architecture

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This week on KALW's showcase for the best stories from public radio podcasts and independent radio producers... 


On the January 14, 2016 edition of 99% Invisible.

Tom Levy

Architecture has the power to transform. A building can make us feel joy, or sadness, powerful or weak. Nowhere is this more true than in a church, a chapel, synagogue, Buddhist temple, or a mosque. For centuries, religion has sparked the design of some of the world’s most beautiful buildings. But what is that process? What built elements make a space sacred?

Architect Susie Coliver says experiencing the design of a sacred space begins way before you step foot in a building.

This week on KALW's showcase for the best stories from public radio podcasts and independent radio producers...


99% Invisible: 99% 180

May 8, 2015

On the May 7, 2015 edition of 99% Invisible:

In the beginning, former AIA-SF president Henrik Bull and the Transamerica Pyramid did not get along.

Joel Werner

On the May 1, 2015 edition of 99% Invisible:

When it was built in 1977, Citicorp Center (later renamed Citigroup Center, now called 601 Lexington) was, at 59 stories, the seventh-tallest building in the world.

Liz Pfeffer

These days, our technology is getting smarter. We don’t just talk on the phone anymore, we talk to them. Siri is already a household name and our homes are getting smarter, too. There are thermostats that you can control from your cell phone. And smoke detectors that will text you if there’s a fire. San Franciscan Tom Coates has taken this technology one step further. He’s designed his home to track its vitals and tweet them out to the world, all triggered by a network of wi-fi enabled sensors.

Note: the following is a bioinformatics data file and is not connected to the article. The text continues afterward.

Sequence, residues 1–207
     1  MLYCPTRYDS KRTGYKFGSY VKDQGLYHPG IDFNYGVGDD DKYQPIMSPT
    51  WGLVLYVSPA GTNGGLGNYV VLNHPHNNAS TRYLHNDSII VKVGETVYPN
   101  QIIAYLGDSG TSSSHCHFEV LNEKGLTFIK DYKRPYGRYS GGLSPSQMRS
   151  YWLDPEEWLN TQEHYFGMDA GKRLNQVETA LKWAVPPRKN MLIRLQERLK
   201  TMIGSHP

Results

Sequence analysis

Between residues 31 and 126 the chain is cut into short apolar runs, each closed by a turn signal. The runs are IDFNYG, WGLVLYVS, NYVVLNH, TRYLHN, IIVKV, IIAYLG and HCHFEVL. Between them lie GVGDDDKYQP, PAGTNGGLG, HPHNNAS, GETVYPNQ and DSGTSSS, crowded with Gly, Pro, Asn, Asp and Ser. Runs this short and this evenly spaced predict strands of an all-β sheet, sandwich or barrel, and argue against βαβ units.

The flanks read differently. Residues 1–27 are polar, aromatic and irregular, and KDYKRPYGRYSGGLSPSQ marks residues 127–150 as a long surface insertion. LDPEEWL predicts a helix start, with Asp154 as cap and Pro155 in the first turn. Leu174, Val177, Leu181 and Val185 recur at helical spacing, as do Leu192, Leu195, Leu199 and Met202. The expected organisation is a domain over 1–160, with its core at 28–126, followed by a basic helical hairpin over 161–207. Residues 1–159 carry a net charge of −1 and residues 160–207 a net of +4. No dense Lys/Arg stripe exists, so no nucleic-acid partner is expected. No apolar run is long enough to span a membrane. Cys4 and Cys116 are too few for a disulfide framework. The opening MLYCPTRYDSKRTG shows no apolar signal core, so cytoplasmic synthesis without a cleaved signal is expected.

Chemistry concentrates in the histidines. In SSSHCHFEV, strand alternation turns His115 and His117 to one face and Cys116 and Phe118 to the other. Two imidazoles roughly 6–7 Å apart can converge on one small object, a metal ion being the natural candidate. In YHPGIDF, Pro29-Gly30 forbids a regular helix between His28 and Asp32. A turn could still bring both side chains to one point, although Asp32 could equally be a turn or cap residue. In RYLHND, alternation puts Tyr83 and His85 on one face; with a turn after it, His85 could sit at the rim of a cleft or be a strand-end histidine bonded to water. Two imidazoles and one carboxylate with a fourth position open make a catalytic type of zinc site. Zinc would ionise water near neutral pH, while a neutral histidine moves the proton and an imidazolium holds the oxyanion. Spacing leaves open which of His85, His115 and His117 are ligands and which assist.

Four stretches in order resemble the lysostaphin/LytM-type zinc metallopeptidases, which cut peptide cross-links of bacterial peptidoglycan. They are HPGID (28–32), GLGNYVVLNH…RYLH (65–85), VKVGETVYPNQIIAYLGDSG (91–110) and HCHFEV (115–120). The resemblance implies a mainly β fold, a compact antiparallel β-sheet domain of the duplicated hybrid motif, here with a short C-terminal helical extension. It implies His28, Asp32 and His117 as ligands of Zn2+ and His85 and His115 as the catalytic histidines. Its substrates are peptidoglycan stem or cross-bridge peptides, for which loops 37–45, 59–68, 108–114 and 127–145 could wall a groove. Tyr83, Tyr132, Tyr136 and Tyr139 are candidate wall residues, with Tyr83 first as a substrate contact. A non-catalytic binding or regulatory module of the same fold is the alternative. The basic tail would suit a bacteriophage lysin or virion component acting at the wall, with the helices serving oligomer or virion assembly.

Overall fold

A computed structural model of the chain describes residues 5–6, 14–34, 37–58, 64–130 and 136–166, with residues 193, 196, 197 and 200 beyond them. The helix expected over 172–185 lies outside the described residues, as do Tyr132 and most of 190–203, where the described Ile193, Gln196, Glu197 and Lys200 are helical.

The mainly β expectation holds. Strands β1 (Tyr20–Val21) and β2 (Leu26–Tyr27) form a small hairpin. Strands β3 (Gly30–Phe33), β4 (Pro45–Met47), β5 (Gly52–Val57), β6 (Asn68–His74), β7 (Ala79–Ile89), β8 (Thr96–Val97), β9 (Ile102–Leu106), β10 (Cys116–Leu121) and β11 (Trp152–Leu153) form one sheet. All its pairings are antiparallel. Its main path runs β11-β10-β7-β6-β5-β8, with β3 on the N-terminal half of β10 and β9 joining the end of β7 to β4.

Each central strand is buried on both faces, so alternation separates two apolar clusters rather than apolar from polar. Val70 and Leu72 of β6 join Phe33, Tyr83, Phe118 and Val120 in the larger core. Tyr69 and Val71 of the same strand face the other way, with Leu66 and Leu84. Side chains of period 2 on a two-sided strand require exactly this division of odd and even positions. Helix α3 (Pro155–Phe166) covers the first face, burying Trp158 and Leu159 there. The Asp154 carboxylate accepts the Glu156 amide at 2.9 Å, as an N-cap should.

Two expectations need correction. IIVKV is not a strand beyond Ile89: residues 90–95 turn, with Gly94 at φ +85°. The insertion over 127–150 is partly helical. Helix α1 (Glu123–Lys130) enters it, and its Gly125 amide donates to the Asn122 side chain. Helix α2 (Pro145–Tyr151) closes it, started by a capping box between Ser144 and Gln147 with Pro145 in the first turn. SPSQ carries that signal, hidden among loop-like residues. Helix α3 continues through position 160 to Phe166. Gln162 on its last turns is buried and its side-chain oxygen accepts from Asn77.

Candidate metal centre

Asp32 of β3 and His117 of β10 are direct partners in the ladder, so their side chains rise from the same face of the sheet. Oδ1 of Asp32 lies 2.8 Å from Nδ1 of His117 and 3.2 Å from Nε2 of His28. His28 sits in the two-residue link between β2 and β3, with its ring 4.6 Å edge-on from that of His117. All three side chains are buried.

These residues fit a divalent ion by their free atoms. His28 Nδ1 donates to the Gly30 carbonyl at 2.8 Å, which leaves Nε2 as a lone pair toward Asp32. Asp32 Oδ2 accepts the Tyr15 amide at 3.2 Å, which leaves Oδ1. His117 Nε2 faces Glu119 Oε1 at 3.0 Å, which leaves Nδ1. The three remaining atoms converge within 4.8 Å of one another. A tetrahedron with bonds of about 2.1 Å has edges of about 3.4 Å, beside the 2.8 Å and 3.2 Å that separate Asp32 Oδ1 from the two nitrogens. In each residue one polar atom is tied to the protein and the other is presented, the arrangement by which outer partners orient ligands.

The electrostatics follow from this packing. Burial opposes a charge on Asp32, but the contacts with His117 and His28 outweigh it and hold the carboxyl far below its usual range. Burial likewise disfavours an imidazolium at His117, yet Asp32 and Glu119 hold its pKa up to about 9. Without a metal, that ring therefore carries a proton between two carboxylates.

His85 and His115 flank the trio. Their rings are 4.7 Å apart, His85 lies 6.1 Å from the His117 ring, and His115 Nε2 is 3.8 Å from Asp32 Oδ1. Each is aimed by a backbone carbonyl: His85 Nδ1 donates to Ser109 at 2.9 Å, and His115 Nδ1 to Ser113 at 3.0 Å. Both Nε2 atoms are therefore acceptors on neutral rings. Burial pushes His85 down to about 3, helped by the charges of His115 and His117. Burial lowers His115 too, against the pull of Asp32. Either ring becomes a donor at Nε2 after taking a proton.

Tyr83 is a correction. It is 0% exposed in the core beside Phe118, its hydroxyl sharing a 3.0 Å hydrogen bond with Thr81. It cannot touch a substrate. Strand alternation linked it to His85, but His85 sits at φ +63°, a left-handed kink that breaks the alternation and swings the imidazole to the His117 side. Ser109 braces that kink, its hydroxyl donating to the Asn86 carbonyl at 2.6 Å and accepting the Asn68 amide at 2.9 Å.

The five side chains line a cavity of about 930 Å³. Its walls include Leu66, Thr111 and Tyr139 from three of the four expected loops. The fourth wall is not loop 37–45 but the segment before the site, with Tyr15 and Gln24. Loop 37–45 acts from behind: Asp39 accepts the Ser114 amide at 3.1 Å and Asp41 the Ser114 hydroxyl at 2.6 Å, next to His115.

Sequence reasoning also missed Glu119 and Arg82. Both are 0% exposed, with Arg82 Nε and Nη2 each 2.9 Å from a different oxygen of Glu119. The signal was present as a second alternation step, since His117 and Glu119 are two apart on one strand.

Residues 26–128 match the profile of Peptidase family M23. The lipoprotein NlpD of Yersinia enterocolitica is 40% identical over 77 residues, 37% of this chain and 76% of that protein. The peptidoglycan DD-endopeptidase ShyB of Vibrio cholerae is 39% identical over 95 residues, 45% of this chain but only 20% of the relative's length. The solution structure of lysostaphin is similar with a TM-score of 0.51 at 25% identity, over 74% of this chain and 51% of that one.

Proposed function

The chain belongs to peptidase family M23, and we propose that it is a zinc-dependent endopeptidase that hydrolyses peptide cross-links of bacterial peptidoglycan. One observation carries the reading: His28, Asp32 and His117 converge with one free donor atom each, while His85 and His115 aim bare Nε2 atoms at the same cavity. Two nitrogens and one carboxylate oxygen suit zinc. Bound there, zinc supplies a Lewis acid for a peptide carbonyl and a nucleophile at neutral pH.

On this week's episode of 99% Invisible:

Near the end of World War II, architects were anticipating the post-war housing shortage. Wallace Neff was L.A.'s start architect at the time, and wanted to create a solution that would not only meet this demand, but address the need for housing worldwide.

On this week's episode of 99% Invisible:

Straight lines might be logical, predictable, and efficient, but they are also completely “godless”—at least according to Austrian artist and designer Tausendsassa Friedensreich Regentag Dunkelbunt Hundertwasser (which translates to “Multi-Talented Peace-Filled Rainy Day Dark-Colored Hundred Waters” in German).

Flickr user wwiggins, Creative Commons

This week on KALW's showcase for the best stories from public radio podcasts and independent radio producers...

Cities, like living things, evolve slowly over time. Buildings and structures get added and renovated and removed, and in this process, bits and pieces that get left behind.

99% Invisible.  Friday at 7:35am and 4:45pm, Saturday at 8:35am.

  

99% Invisible: "Duplitecture"The best knock-offs in the world are in China. There are plenty of fake designer handbags and Rolexes but China’s knock-offs go way beyond fashion. There are knock-off Apple stores that look so much like the real thing, some employees believe they are working in real Apple stores.  And then there are entire knock-off cities.

Friday at 7:35am and 4:45pm, Saturday at 8:35am.

99% Invisible: "Duplitecture"  The best knock-offs in the world are in China. There are plenty of fake designer handbags and Rolexes but China’s knock-offs go way beyond fashion. There are knock-off Apple stores that look so much like the real thing, some employees believe they are working in real Apple stores.  And then there are entire knock-off cities.

99% Invisible: “Structural Integrity”  When it was built in 1977, Citicorp Center was the seventh-tallest building in the world.  But it’s the base of the building that really makes the tower so unique. The bottom nine of its 59 stories are stilts. 

Blank on Blank: "Johnny Cash on the Gospel" "I just hope and pray I can die with my boots on." A previously unheard interview recorded in 1996.